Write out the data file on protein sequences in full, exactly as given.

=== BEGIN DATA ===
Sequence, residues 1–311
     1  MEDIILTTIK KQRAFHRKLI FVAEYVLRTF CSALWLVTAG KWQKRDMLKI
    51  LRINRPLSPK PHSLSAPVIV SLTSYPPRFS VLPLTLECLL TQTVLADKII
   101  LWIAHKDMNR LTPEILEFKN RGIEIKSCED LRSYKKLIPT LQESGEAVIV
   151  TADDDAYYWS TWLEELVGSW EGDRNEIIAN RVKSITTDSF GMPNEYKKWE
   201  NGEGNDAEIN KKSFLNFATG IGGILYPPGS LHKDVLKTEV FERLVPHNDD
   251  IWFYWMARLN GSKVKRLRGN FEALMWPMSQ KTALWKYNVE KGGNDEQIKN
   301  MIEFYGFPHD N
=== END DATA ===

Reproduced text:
Sequence, residues 1–311
     1  MEDIILTTIK KQRAFHRKLI FVAEYVLRTF CSALWLVTAG KWQKRDMLKI
    51  LRINRPLSPK PHSLSAPVIV SLTSYPPRFS VLPLTLECLL TQTVLADKII
   101  LWIAHKDMNR LTPEILEFKN RGIEIKSCED LRSYKKLIPT LQESGEAVIV
   151  TADDDAYYWS TWLEELVGSW EGDRNEIIAN RVKSITTDSF GMPNEYKKWE
   201  NGEGNDAEIN KKSFLNFATG IGGILYPPGS LHKDVLKTEV FERLVPHNDD
   251  IWFYWMARLN GSKVKRLRGN FEALMWPMSQ KTALWKYNVE KGGNDEQIKN
   301  MIEFYGFPHD N